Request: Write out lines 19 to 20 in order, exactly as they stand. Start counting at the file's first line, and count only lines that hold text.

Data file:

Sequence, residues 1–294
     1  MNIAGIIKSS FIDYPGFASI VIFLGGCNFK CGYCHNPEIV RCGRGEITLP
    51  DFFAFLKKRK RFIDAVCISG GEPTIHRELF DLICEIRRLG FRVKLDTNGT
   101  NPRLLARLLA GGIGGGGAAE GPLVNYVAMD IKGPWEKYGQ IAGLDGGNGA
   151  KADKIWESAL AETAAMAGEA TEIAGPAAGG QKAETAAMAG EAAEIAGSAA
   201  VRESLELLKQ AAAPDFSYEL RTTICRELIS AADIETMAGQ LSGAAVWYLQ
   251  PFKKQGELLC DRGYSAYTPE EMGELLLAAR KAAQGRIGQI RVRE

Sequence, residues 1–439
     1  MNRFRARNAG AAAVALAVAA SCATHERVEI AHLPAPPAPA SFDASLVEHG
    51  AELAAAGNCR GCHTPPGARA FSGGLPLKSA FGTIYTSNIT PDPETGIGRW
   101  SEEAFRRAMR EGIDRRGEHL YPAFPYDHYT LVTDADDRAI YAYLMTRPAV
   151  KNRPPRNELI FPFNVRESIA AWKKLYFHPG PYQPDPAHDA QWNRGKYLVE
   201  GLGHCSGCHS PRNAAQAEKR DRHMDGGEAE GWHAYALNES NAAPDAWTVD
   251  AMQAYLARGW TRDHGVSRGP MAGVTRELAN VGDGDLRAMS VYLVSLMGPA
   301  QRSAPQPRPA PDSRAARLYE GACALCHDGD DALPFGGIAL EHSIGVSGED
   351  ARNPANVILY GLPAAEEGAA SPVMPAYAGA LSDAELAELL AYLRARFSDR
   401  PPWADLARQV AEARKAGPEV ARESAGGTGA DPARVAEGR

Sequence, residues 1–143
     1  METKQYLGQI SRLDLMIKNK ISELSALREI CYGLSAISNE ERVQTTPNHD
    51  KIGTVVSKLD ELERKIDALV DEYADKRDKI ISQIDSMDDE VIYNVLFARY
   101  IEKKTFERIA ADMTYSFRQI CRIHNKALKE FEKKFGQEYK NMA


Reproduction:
     1  METKQYLGQI SRLDLMIKNK ISELSALREI CYGLSAISNE ERVQTTPNHD
    51  KIGTVVSKLD ELERKIDALV DEYADKRDKI ISQIDSMDDE VIYNVLFARY